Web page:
NY Times article from 2016:
After the slaughter of nine worshipers at a South Carolina church last June, but before the massacre of eight students and a teacher at an Oregon community college in October, there was a shooting that the police here have labeled Incident 159022597.01. It happened on a clear Friday night at an Elks Lodge, on a modest block of clapboard houses northeast of this city’s hilly downtown. Unlike the butchery that bookended it, it merited no presidential statements, no saturation television coverage.
But what took place at 6101 Prentice Street on Aug. 21 may say more about the nature of gun violence in the United States than any of those far more famous rampages. It is a snapshot of a different sort of mass violence — one that erupts with such anesthetic regularity that it is rendered almost invisible, except to the mostly black victims, survivors and attackers.
According to the police account, more than 30 people had gathered in the paneled basement bar of the lodge to mark the 39th birthday of a man named Greg Wallace when a former neighbor, Timothy Murphy, showed up, drunk. Fists flew. Mr. Murphy ducked out the door, burst back in with a handgun, and opened fire.
As partygoers scrambled for the door, he chased Greg Wallace’s younger brother Dawaun to a tiny black-and-white-tiled bathroom, where he shot him nine times before the violence spilled out onto the street. There, another Wallace relative, also armed with a handgun, fired back at him.
By the end, 27 bullets had flown, hitting seven people: Mr. Murphy, who died; Dawaun Wallace, who was grievously wounded; four bystanders, one of whom was hit in the genitals, another in the leg.
And Barry Washington.
A seasonal packer for Amazon.com, Mr. Washington, 56, had stopped at the lodge on his way to the store for cigarettes, said his sister, Jaci Washington. He was in the bathroom when Mr. Murphy cornered Dawaun Wallace there. A single bullet pierced Mr. Washington’s arm, then his heart.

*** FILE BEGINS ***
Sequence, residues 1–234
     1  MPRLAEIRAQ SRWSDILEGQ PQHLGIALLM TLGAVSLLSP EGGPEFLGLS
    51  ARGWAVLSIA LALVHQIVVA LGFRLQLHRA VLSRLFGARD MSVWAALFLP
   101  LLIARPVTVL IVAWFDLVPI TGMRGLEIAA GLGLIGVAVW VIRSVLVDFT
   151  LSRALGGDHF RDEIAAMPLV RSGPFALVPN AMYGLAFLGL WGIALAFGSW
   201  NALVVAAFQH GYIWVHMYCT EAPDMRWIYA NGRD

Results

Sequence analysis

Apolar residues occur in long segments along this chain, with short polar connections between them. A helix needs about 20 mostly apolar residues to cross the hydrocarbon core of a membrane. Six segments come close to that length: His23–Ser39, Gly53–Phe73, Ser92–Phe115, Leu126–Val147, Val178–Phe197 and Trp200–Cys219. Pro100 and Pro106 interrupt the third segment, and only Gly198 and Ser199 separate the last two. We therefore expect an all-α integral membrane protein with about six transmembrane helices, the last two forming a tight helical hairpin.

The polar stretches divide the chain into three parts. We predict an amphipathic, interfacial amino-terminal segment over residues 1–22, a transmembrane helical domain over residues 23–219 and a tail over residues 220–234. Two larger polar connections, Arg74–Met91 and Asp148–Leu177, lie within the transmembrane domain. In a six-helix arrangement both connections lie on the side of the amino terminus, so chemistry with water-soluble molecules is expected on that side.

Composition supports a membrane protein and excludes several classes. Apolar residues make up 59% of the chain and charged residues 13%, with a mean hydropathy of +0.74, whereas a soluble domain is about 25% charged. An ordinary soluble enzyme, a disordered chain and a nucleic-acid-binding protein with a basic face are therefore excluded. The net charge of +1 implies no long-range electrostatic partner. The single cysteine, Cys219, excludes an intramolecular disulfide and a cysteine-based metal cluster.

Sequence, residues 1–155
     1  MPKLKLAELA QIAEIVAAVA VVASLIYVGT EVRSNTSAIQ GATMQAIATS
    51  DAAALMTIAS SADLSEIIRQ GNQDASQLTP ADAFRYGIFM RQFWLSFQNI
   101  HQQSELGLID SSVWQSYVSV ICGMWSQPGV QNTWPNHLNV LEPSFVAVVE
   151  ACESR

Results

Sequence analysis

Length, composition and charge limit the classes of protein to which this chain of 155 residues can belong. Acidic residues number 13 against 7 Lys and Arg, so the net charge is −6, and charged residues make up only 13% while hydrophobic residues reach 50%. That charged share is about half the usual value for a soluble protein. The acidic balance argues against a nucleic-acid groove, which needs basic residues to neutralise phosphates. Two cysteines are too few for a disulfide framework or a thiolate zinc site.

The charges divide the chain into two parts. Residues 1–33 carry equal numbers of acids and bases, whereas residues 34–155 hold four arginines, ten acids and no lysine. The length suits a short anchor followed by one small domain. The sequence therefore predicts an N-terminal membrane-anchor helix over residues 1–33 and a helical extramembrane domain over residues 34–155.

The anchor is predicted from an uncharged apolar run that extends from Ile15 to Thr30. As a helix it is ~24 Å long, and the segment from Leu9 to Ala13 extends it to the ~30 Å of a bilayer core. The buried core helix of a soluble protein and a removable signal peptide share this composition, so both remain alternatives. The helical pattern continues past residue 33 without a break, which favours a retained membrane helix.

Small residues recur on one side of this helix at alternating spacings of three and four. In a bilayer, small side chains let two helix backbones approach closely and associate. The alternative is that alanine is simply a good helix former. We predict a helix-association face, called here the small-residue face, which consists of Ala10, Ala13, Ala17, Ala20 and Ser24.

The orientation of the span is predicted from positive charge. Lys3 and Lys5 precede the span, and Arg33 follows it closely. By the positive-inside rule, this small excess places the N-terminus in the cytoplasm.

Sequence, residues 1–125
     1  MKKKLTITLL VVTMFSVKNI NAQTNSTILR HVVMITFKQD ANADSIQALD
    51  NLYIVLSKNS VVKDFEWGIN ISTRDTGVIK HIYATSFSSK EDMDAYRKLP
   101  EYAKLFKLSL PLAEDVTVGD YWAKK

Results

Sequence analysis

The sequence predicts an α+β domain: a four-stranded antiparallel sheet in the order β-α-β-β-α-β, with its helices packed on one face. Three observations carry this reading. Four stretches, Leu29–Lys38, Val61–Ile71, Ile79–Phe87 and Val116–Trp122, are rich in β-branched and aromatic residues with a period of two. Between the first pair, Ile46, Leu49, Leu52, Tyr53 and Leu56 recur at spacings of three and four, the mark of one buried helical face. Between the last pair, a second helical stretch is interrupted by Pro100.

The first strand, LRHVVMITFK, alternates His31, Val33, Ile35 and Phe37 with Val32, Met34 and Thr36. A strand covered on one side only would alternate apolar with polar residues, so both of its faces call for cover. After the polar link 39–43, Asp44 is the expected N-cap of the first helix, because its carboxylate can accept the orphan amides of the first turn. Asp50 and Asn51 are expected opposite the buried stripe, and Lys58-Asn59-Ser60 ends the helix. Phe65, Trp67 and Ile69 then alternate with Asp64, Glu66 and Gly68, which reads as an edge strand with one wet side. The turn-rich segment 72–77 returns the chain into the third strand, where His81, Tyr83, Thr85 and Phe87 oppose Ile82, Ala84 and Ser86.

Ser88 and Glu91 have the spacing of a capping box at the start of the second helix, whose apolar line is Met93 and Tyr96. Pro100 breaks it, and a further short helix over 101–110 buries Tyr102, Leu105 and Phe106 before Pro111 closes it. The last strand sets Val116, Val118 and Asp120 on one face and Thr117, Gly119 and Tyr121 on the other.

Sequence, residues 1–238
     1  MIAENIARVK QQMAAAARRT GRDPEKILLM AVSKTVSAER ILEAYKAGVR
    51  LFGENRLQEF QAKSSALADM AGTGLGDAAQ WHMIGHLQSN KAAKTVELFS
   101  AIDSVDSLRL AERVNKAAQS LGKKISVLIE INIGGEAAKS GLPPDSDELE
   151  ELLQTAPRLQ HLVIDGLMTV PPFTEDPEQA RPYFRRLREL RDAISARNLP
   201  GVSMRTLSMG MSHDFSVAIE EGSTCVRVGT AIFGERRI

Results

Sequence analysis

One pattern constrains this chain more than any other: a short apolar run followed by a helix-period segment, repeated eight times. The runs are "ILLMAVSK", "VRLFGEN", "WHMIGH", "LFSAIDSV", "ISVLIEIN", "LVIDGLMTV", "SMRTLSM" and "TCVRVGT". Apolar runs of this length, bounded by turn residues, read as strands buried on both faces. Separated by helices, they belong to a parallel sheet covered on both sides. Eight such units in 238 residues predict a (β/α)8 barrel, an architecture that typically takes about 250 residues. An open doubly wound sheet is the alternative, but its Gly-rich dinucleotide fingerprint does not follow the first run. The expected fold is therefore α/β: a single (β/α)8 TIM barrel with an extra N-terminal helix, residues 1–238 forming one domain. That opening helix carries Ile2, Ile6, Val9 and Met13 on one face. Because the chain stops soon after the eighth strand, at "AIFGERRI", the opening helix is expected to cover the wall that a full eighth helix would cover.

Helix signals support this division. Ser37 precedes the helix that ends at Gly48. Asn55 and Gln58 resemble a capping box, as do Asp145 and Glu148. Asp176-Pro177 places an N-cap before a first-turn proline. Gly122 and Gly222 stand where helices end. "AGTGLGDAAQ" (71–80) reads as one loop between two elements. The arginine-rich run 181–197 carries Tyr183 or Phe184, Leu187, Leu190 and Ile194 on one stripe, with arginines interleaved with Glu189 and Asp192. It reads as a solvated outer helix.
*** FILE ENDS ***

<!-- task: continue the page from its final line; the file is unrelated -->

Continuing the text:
He left behind a son, a daughter, a brother, a sister, a mother and four grandchildren.
“My brother died on the floor of a bathroom for no reason,” Ms. Washington said. “He had nothing to do with the whole situation. I can’t believe I lost my brother like this.”
Yet many in the neighborhood where they grew up, she said, responded with a shrug. “The reality is, this happens quite frequently,” she said. “And it’s kind of, ‘Oh, well, this guy was killed today. Somebody else will be killed tomorrow.’ ”
That is more than correct. The Elks Lodge episode was one of at least 358 armed encounters nationwide last year — nearly one a day, on average — in which four or more people were killed or wounded, including attackers. The toll: 462 dead and 1,330 injured, sometimes for life, typically in bursts of gunfire lasting but seconds.
In some cities, law enforcement officials say a growing share of shootings involve more than one victim, possibly driven by increased violence between street gangs. But data are scarce.
Seeking deeper insight into the phenomenon, The New York Times identified and analyzed these 358 shootings with four or more casualties, drawing on two databases assembled from news reports and citizen contributors, and then verifying details with law enforcement agencies.
They chronicle how easily lives are shattered when a firearm is readily available — in a waistband, a glove compartment, a mailbox or garbage can that serves as a gang’s gun locker. They document the mayhem spawned by the most banal of offenses: a push in a bar, a Facebook taunt, the wrong choice of music at a house party. They tally scores of unfortunates in the wrong place at the wrong time: an 11-month-old clinging to his mother’s hip, shot as she prepared to load him into a car; a 77-year-old church deacon, killed by a stray bullet while watching television on his couch.
The shootings took place everywhere, but mostly outdoors: at neighborhood barbecues, family reunions, music festivals, basketball tournaments, movie theaters, housing project courtyards, Sweet 16 parties, public parks. Where motives could be gleaned, roughly half involved or suggested crime or gang activity. Arguments that spun out of control accounted for most other shootings, followed by acts of domestic violence.
The typical victim was a man between 18 and 30, but more than 1 in 10 were 17 or younger. Less is known about those who pulled the triggers because nearly half of the cases remain unsolved. But of those arrested or identified as suspects, the average age was 27.
Most of the shootings occurred in economically downtrodden neighborhoods. These shootings, by and large, are not a middle-class phenomenon.
The divide is racial as well. Among the cases examined by The Times were 39 domestic violence shootings, and they largely involved white attackers and victims. So did many of the high-profile massacres, including a wild shootout between Texas biker gangs that left nine people dead and 18 wounded.
Over all, though, nearly three-fourths of victims and suspected assailants whose race could be identified were black. Some experts suggest that helps explain why the drumbeat of dead and wounded does not inspire more outrage.